Marsha

Friends on the mind

I’m all for recycling and limiting consumption, but one practice I cling to is sending out holiday cards. I love the speed, ease, and low cost of e-mail, but there’s something so delightful about the tangibility of snail-mail. I’m sorry to say that I don’t have nearly as much time as I’d like to devote to old-fashioned, pen-and-paper correspondence, but when I do I get such a thrill from retrieving a letter from my mailbox or sending a note on its way to a friend.

Around this time of year I send holiday (no mention of any particular holiday save the start of a new year—there have been times, though, when I was so late with my card-sending that my greetings ended up being perfectly timed to acknowledge the beginning of the new lunar new year) cards to most of my friends and family. We make the cards ourselves (Sylvia’s contribution this year is “patting down” anything that’s been glue-sticked onto the blank card), and I handwrite all of the addresses (recipients’ and ours) and notes inside.

Sure, it would be quicker and easier to print out address labels and stick them onto the envelopes. But I enjoy the slow pace of writing by hand and thinking about each recipient as I prepare his or her card. Most of my friends are scattered throughout the country (and in far corners of the world), and I don’t see them nearly as often as I’d like. Our interactions are infrequent, but I treasure those friendships nonetheless.

But some friendships just don’t last, unfortunately. People change, time and distance make it harder to maintain relationships, and sometimes there are even fallings-out. Sometimes you just have to let go.

For several years, I used a Palm Pilot IIIxe PDA as what I called “my electronic brain.” Mostly it functioned as an address book and calendar for me, and when it ceased working a little over two years ago, I was able to print out the address book backup file from my PC. Since then, this stack of papers has functioned as my address book, and it now has handwritten corrections and deletions all over it. This year, as I prepared our holiday cards, I also wrote addresses and whatnot into the still-blank address book Jan and I bought for our anniversary three years ago. The printout will be tossed into the recycling bin when I’m done.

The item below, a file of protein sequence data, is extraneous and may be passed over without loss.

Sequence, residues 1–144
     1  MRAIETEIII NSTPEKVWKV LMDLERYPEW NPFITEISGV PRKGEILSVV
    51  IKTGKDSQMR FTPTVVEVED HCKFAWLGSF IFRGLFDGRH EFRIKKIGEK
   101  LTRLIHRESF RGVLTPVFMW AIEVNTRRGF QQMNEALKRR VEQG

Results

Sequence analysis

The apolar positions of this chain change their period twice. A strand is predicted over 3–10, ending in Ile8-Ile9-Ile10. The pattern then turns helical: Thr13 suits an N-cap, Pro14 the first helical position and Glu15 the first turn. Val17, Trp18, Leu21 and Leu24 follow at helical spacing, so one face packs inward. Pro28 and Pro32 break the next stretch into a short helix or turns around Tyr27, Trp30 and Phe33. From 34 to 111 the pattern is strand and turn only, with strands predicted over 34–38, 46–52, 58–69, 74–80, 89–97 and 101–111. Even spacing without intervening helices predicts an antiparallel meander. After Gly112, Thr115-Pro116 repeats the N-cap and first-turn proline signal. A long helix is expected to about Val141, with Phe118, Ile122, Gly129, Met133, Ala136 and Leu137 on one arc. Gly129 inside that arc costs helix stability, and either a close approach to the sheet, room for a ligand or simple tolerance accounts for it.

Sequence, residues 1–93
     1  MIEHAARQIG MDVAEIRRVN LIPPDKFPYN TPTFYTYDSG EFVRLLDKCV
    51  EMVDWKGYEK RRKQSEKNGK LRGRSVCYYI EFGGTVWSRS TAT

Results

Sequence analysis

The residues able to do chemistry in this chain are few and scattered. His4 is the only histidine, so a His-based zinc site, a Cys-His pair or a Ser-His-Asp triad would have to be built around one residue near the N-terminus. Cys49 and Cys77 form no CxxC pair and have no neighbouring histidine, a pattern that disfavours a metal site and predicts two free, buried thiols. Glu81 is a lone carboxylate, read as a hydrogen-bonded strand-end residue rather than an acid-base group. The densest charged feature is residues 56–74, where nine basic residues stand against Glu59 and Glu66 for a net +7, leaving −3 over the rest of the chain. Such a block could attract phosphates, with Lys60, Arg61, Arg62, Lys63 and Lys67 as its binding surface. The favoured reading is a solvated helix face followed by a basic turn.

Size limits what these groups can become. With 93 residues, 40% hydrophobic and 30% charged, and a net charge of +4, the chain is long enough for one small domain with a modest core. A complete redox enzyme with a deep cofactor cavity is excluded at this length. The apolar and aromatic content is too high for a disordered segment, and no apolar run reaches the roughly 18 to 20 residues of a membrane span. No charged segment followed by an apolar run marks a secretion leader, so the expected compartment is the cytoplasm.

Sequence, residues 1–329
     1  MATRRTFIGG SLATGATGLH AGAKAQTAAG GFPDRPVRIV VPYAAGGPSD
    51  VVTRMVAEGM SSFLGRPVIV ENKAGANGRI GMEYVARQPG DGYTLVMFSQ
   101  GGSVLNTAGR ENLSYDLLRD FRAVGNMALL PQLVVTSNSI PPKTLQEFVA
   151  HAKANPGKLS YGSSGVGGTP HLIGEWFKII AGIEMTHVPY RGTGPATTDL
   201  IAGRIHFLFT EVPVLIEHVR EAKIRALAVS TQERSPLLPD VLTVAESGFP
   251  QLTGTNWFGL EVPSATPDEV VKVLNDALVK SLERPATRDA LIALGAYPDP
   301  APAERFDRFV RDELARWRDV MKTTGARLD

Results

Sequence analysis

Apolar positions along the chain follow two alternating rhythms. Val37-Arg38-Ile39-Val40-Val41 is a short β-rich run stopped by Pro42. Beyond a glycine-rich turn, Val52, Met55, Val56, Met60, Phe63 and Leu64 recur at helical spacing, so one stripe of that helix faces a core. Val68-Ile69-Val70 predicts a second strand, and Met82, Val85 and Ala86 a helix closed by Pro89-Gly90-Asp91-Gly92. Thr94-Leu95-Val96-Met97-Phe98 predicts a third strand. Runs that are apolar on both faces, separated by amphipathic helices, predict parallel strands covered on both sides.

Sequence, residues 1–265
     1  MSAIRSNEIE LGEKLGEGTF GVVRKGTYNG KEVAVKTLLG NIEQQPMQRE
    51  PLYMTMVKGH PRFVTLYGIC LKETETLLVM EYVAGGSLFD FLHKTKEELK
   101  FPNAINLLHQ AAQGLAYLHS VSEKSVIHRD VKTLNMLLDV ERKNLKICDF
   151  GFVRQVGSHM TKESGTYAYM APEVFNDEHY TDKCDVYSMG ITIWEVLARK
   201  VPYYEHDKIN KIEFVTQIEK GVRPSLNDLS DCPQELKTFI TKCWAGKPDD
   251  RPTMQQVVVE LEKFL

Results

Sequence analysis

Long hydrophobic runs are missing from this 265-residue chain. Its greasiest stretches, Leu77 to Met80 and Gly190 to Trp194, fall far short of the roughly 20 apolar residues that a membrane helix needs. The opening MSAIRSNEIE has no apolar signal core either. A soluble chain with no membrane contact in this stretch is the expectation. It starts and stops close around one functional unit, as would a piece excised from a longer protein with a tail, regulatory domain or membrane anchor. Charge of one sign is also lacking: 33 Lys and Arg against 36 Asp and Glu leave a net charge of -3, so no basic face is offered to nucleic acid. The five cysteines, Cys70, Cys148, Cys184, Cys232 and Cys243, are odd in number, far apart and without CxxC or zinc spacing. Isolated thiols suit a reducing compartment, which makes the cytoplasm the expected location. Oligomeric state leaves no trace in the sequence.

At the same time, I took this opportunity to remove (well, in this case, “remove” means “not write in the new book”) the names and addresses of people I was no longer in contact with and didn’t think I would be again. There are a few people I don’t miss—a handful of former friends who have become unfriends. There are lots of people I’ve just lost track of and think that the gap between us has grown so great that the casual friendship we shared a long time ago isn’t a strong enough base for renewal of that relationship.

And there’s one person who’s died. She was someone I went to grad school with (she had started in my department two or three years before me), and although we weren’t close friends who made plans to get together socially, we had many great conversations when we ran into each other on campus. I remember sitting with her in her office for a couple of hours the week before I left for Oregon, talking with her about fieldwork (she had already completed her own dissertation research, in Indonesia) and the Nikon SLR I’d just purchased from her. She’d bought it while in the field but found that she could not use a fully manual SLR because she had a slight tremor in her hand that prevented her from adjusting the focus accurately.

After I moved to the Mid-Atlantic several years ago, I didn’t keep in touch with her, but her contact information stayed in my address book. Last summer, I heard from another grad school colleague with whom I’d been out of touch and who told me that our mutual friend had committed suicide nearly three years earlier by stepping in front of a freight train. I was stunned to hear that news. And now, coming across her name on my printed-out address list, I was a bit taken aback again—and saddened not to put her in my new address book.

Marsha

Hats for Tina and Kevin

I first met my friend Tina in 1996, when the National Science Foundation decided to give me money to do some predoctoral research in Oregon. I needed a place to stay for the summer, so I looked up the University of Oregon student newspaper’s classified ads online and found an ad for a sublet. The person who placed the ad, Jeff, was himself going to be doing predoctoral research that summer, but in the South.* He said, “I think you’re fine, but my housemate, Tina, is the one who’s going to have to live with you, so you’ll need to talk with her, too.” I did, and we hit it off just fine.

When I drove out there by myself a few months later and arrived at her house, a yellow house with pink trim (next door to a pink house with yellow trim) in the Whiteaker neighborhood in Eugene, the first thing I saw as I walked through the wide-open front door were two kids jumping on the sofa in the front room. One looked about five years old, and the other looked to be around three.

“Um, hi,” I said. “Is Tina here?” “Tina!” the older one yelled, “your new housemate is here!”